The Poetry of Physics



The Poetry of Physics


I never imagined I would teach physics. I was a woman of words, not science. In my senior year in high school in 1967, I elected to take a “creative writing” class instead of the suggested physics course, and I majored in English my first two years of college.

After getting married and with a move to upstate New York, I ended up a biology major. Later, in Michigan, I went on to get a master’s degree and a teaching credential.

Almost twenty years later, living in California, I decided to get a full-time teaching position when my daughters were in high school. Fortunately, science teachers were in high demand, and I reentered the classroom in 1993.

The caveat was that in addition to biology, I also had to teach physical science to the eighth graders. A minor glitch. No problem, I thought. My husband is a physicist.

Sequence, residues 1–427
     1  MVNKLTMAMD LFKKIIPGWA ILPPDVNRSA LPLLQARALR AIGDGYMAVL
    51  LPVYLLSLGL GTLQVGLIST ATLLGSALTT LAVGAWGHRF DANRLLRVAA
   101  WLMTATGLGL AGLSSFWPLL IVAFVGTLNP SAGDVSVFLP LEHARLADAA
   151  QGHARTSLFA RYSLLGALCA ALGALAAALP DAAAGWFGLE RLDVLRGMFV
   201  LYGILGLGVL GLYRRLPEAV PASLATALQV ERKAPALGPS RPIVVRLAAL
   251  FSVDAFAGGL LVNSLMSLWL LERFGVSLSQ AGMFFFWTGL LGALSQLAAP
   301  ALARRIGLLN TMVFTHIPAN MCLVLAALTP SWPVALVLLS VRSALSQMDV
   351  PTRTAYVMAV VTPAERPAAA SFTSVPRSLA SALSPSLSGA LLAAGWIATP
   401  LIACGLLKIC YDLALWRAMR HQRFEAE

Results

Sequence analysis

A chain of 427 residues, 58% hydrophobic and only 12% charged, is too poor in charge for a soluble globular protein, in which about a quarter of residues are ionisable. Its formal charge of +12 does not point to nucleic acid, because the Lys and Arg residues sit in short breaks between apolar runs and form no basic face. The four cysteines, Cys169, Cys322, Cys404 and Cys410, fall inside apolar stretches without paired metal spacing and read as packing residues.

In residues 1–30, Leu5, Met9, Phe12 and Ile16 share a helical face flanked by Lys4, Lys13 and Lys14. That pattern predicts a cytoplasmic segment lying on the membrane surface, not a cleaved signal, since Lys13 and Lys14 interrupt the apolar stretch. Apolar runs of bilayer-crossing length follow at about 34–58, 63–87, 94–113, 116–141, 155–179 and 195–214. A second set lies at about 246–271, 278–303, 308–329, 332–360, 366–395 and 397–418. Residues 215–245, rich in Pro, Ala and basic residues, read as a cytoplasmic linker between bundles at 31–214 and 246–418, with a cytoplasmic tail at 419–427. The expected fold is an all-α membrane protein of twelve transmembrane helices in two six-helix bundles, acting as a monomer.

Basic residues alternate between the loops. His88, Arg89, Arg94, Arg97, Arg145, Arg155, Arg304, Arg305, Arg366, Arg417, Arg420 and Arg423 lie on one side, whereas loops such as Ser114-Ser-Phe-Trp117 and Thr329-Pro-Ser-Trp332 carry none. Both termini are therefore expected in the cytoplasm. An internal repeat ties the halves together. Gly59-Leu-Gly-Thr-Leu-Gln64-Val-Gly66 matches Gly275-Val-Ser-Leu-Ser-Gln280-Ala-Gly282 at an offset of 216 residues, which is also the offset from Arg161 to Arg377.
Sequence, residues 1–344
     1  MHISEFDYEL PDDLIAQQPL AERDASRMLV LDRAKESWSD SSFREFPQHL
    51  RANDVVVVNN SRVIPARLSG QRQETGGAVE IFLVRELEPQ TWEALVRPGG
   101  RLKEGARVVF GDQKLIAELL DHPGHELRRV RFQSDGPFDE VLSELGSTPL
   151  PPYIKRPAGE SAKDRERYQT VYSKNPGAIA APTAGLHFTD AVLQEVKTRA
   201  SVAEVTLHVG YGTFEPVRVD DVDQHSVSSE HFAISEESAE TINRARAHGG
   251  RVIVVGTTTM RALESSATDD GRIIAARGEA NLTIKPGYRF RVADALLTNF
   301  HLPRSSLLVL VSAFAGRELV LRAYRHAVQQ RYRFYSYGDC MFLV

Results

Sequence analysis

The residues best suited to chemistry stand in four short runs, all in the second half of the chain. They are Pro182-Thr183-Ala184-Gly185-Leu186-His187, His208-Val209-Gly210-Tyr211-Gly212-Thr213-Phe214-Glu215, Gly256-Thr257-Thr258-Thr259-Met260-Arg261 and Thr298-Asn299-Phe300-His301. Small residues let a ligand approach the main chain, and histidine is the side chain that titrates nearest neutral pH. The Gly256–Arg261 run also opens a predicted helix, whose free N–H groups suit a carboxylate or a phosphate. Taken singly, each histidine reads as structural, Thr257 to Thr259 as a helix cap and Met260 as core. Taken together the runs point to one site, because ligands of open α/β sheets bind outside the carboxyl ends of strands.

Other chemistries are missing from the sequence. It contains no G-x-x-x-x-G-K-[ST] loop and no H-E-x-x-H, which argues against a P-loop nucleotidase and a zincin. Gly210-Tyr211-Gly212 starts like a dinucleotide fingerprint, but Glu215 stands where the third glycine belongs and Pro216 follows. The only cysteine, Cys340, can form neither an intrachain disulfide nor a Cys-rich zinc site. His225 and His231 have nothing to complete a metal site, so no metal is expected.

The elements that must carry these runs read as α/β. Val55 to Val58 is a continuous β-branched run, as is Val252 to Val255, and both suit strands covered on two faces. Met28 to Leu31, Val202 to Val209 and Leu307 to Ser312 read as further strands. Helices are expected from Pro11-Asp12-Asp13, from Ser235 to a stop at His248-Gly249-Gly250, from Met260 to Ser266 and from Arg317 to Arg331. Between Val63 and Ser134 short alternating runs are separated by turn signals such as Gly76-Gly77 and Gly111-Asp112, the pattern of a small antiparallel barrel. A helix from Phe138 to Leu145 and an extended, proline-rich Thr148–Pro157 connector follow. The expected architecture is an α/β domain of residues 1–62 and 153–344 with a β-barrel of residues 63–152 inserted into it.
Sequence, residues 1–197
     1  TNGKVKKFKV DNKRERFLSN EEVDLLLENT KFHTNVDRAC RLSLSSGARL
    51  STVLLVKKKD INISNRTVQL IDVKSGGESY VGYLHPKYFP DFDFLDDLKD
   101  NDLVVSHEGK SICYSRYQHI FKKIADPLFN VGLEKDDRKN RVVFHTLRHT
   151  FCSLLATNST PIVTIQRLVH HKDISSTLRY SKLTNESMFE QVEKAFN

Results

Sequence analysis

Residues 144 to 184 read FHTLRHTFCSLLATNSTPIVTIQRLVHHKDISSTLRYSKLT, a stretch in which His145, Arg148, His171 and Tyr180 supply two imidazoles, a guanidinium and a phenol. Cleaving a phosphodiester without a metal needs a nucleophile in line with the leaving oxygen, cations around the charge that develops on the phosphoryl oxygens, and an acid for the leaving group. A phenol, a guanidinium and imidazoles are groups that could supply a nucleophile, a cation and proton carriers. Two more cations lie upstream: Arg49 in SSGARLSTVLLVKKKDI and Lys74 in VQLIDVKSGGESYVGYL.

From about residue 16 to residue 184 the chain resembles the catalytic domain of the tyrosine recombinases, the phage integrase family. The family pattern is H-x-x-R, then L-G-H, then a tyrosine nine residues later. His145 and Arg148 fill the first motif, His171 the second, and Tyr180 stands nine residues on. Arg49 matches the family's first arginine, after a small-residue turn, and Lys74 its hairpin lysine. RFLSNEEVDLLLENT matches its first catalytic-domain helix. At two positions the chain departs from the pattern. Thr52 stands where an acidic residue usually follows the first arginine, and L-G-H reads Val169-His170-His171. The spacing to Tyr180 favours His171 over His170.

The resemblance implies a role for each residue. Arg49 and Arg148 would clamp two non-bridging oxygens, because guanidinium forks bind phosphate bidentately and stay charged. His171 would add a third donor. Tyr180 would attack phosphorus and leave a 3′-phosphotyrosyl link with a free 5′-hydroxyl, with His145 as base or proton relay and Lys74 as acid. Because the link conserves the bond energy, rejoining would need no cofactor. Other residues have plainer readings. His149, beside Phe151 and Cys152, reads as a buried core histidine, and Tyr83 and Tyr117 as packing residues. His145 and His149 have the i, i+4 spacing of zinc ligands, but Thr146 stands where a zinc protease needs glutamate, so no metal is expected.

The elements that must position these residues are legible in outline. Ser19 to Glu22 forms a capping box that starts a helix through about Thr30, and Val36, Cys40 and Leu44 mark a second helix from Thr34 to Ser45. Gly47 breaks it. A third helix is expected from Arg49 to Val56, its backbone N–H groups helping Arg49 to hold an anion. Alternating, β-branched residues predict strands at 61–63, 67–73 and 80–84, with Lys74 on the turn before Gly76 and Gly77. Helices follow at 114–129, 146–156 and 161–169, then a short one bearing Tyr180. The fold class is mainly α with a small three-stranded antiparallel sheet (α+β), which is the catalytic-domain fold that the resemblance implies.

Carl tried explaining basic concepts to me as we went from Newton’s Laws to Einstein’s theory of relativity. I realized I was a neophyte in this realm –– I didn’t even know the difference between the two ends of a battery.

Each new chapter of my first year of teaching physics was a revelation. Although Carl was happy to tutor me, he eventually got frustrated with my questions.
            “I understand inertia,” I said, “how something in motion will stay in motion, but I don’t understand why?”

“Betty, it is a law of physics – some things are observed in the natural world, and there is no why!” He gave me example after example – the person in a car hitting the windshield when the brakes are put on too hard, the feeling of being pushed backwards when someone steps on the gas, the dishes that stay on the table when a tablecloth is pulled away quickly . . .

But I was confused, frustrated, and hopelessly lost, kicking myself for not taking physics in high school. Eventually, I enrolled in an online physics class through UC Berkeley, continued to attend workshops, and reread my textbook every night. I was determined to conquer the basic concepts, one step ahead of my students.